In laboratory testing, the hex-shaped bearing was installed in a tailgate portion of a White-New Idea Model 484 round baler. This tailgate portion included two drive rollers and two idler rollers. A pipe was attached to an adjustment bracket located on one of the sidewalls of the tailgate portion to act as a lever arm which enabled a misaligning force to be applied to the baler sidewall, bearing housing and bearing. Drive was applied to the rollers. While the rollers were brought up to speed (approximately 300 rpm), the hex-shaped bearing exhibited a loud pounding or knocking noise while the bearing sought to align itself. When the bearing aligned itself, the pounding or knocking noise stopped. A force was then applied to the pipe to simulate the forces exerted on the baler sidewall and roller and the pounding or knocking began again and continued while the force was applied. It is believed that this force caused the bearing outer race to move slightly in the bearing housing such that the bearing was out of alignment.
In contrast, a splined bearing was installed on the same test equipment. Drive was again applied to the rollers (approximately 300 rpm). The splined bearing did not exhibit any pounding or knocking while the rollers were brought up to speed. A similar misalignment force was applied to the pipe as was applied during the hex bearing test and no pounding or knocking noise was heard. Similar results were observed in field testing, that is, the hex bearing exhibited pounding or knocking noises during bale-forming. The splined bearing did not.
Accordingly, the use of splined bearings, and particularly with respect to a round hay baler, substantially eliminates the pounding or knocking noise associated with and encountered during use of conventional hex-shaped bearings.
It will thus be seen that the present invention provides a bearing assembly having a number of advantages and characteristics, including those herein indicated and others which are inherent in the invention. Since modifications and variations of the illustrated construction will be apparent to those skilled in the art, it is anticipated that such modifications and changes may be made without departing from the spirit of the invention or the scope of the appended claims.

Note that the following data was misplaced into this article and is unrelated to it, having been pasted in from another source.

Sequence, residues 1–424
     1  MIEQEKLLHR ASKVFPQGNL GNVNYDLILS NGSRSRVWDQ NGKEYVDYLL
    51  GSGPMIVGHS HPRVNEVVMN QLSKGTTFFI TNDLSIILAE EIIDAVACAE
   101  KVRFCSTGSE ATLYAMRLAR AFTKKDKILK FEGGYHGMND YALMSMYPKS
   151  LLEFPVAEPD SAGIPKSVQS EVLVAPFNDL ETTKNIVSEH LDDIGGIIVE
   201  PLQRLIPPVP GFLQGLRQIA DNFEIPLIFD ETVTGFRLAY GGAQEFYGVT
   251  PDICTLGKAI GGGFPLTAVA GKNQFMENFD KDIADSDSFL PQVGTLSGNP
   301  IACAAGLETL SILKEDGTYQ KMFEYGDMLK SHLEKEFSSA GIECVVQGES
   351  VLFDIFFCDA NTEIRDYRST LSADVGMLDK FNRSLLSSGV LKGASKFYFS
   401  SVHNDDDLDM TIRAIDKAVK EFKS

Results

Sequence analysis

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|U.S. Classification||100/88, 384/537, 464/182, 56/341|
|International Classification||A01F15/07, F16C35/063|
|Cooperative Classification||A01F15/07, A01F2015/078, A01F2015/186, A01F2015/0775, F16C35/0635|
|European Classification||A01F15/07, F16C35/063B|
|Jun 9, 1995||AS||Assignment|
Owner name: DEUTSCHE FINANCIAL SERVICES CORPORATION, MISSOURI
Free format text: SECURITY INTEREST;ASSIGNOR:AGCO CORPORATION;REEL/FRAME:007613/0283
Effective date: 19950524
|Jun 28, 1996||AS||Assignment|
Owner name: AGCO CORPORATION, GEORGIA
Free format text: RELEASE OF SECURITY AGREEMENT;ASSIGNOR:DEUTSHCE FINANCIAL SERVICES CORPORATION AS COLLATERAL AGENT;REEL/FRAME:008048/0018
Effective date: 19960626
|Feb 25, 1999||FPAY||Fee payment|
Year of fee payment: 4
|May 10, 2001||AS||Assignment|
|Apr 2, 2003||REMI||Maintenance fee reminder mailed|
|Sep 12, 2003||LAPS||Lapse for failure to pay maintenance fees|
|Nov 11, 2003||FP||Expired due to failure to pay maintenance fee|
Effective date: 20030912
|Mar 12, 2004||AS||Assignment|